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Colourful comedy a crowd favourite

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Now that Manitoba Opera's production of the tragic Aida is over, the Gilbert and Sullivan Society is offering something much lighter and definitely more uplifting beginning tonight at 7:30 p.m. It's the wonderful operetta The Mikado, an all-time audience favourite.

The Mikado holds a special place in my heart. It was my introduction to the catchy tunes and witty lyrics that are highlights of Gilbert and Sullivan shows. My dad took me to see it in Montreal when I was about 10 years old. I remember sitting in the front row, completely absorbed in the music, the Japanese costumes and the performers, whom I found hysterical. It was a whole new world opening up to me.

When Hanukkah came a few months later, I was delighted to receive a D'Oyly Carte recording of The Mikado with the great Martyn Green as Ko-Ko, the Lord High Executioner. I must have listened to that recording every day for months, learning all the words and singing along. I still have that battered old boxed set today.

The G&S Society consistently produces first-class shows year after year. The cast is a combination of veteran performers and fresh young singers, many of whom are getting their first chance to play on a big stage in front of a large audience.

That was the case for 27-year-old baritone Sam Plett, who debuted with the society as a memorable Pooh-Bah in their last mounting of The Mikado in 2006. This year he plays the title role and is looking forward to opening night.

"The Mikado is some of the best work of both Gilbert and Sullivan," he said in a phone interview. "The music is delightful."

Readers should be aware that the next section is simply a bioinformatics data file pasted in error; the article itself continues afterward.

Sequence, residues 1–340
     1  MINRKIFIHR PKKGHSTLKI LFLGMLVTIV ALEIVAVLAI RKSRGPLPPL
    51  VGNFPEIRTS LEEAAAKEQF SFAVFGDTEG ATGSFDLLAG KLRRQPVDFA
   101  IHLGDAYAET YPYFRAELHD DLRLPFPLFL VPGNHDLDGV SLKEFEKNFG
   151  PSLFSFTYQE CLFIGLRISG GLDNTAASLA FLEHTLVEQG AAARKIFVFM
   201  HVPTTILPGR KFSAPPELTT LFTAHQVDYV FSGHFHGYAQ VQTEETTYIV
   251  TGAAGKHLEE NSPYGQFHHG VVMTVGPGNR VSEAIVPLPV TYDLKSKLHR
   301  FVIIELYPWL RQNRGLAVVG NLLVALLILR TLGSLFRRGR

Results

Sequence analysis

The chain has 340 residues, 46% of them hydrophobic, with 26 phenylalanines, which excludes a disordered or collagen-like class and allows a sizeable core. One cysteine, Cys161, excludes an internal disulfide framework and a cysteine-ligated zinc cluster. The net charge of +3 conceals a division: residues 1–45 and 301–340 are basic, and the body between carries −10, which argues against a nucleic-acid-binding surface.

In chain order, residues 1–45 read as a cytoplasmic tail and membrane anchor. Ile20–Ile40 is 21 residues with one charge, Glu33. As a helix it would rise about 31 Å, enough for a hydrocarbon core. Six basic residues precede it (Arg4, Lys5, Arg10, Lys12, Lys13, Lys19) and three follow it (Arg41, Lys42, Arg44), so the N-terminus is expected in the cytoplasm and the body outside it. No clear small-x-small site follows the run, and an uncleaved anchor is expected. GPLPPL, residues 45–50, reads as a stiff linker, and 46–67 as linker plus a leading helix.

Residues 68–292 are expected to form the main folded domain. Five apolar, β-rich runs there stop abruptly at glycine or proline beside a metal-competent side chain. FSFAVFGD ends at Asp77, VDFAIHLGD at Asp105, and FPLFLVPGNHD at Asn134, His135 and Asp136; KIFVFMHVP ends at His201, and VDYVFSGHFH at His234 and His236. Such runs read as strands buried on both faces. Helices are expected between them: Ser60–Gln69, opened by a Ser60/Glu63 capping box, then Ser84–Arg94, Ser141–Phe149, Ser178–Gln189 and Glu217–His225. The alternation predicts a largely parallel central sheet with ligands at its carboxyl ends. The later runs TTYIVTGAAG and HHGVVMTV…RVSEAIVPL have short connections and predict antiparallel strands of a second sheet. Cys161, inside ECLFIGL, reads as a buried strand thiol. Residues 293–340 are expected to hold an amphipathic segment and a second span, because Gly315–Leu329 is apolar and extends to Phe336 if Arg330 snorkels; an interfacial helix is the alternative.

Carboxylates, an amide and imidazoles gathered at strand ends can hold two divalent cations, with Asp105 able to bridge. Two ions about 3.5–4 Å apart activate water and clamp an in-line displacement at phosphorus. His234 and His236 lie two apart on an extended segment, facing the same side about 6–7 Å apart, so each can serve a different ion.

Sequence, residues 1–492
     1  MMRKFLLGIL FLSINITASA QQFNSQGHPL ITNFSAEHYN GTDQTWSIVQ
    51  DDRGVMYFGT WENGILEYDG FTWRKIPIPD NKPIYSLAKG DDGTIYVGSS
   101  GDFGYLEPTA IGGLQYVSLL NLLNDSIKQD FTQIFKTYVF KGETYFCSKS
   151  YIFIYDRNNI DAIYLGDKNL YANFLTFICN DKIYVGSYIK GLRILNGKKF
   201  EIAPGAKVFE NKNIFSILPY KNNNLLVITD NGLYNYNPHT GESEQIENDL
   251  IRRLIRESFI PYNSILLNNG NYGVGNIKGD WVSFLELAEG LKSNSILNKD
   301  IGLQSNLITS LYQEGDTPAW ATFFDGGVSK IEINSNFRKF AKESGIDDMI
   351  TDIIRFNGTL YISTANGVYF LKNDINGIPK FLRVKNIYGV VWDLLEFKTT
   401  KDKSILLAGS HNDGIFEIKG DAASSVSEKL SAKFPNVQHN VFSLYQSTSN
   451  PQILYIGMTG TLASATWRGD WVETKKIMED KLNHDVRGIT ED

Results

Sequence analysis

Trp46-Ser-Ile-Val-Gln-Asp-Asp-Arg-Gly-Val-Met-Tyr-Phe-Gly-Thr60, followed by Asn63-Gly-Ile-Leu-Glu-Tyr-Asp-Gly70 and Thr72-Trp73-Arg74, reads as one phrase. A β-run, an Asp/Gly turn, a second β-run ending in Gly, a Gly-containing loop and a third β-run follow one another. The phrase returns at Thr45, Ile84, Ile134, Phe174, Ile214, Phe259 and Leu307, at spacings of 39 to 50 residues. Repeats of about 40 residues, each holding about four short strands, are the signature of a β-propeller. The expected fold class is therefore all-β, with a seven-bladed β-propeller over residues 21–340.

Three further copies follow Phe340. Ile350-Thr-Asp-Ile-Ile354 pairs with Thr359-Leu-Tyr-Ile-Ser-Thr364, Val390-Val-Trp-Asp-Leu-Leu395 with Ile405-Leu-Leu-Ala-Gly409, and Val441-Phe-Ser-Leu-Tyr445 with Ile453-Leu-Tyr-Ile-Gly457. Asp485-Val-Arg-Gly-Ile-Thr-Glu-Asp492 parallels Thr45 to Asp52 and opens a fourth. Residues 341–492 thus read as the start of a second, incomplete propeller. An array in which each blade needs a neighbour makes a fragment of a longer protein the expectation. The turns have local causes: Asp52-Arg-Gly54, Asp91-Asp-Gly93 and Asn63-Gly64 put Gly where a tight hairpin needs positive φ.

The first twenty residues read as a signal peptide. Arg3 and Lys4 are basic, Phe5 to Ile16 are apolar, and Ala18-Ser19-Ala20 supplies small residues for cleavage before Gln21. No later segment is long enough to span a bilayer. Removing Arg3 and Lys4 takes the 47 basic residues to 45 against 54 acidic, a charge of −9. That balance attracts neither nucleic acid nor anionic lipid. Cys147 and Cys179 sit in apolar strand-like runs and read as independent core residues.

This will be the fifth show the talented Steinbach native has done with the G&S Society and he values the time with his colleagues.

"It feels like a family. I've always liked working with (director Reid Harrison). He gives me lots of freedom. He lets you play around with your role and doesn't try to mould or shape your interpretation."

Soprano Amanda Bruneau, who plays Yum-Yum, ward of Ko-Ko (don't the names indicate that this is a spoof?) and love interest of the wandering minstrel Nanki-Poo, agrees. "Reid provides soft guidance during rehearsals," she says. "He never says, 'This is how you should feel.'"

Bruneau played Yum-Yum before at her alma mater, Canadian Mennonite University. "It's a favourite of mine and is a lot of fun. It's amazing to have an opportunity to do it again. I can delve deeper into the character."

The 25-year-old studied with Henriette Schellenberg, loves opera and musical theatre, and has sung in past G&S productions and with The Little Opera Company. She is a student teacher at Oakbank Elementary School.

"I love to teach full-time and perform on the side," she says. "In an ideal world I'd be performing all the time, but that means being away from my husband, family and dog. My dream role is Belle in Beauty and the Beast and I'd like to do Rainbow Stage."

Plett, who studied with Mel Braun, has had the Rainbow Stage experience, playing Old Deuteronomy in Cats last year. He was part of a Christmas cabaret that toured Vancouver Island in 2012 and is off to Charlottetown, P.E.I., this June to star in Forever Plaid.

Other young performers in The Mikado include Michael Dueck as Pish-Tush and Wes Rambo as Nanki-Poo. Bruneau calls Rambo "very talented. We naturally have onstage chemistry that works."

The inimitable Fred Cross reprises his role as Ko-Ko, and, according to Plett, he has "added some delightful touches to As some day it may happen," (the famous "little list" song). Plett likens librettist Gilbert's humour to that of Monty Python. "Lots of people my age still like that," he says.

Versatile veteran alto Donnalynn Grills plays Katisha, the older woman also in love with Nanki-Poo. Michelle Mourre directs the orchestra and Harrison proclaims there are "fabulous costumes that Taras Koral and Harlequin Costumes designed."

This promises to be a colourful and thoroughly entertaining show for the whole family.

All four shows are at the Pantages Playhouse Theatre: tonight, Friday and Saturday at 7:30 p.m., with a Saturday matinee at 2:30 p.m. Tickets are $35/adults and $15/students and children, available at 204-957-7842 or www.manitoba

Republished from the Winnipeg Free Press print edition April 24, 2013 D3

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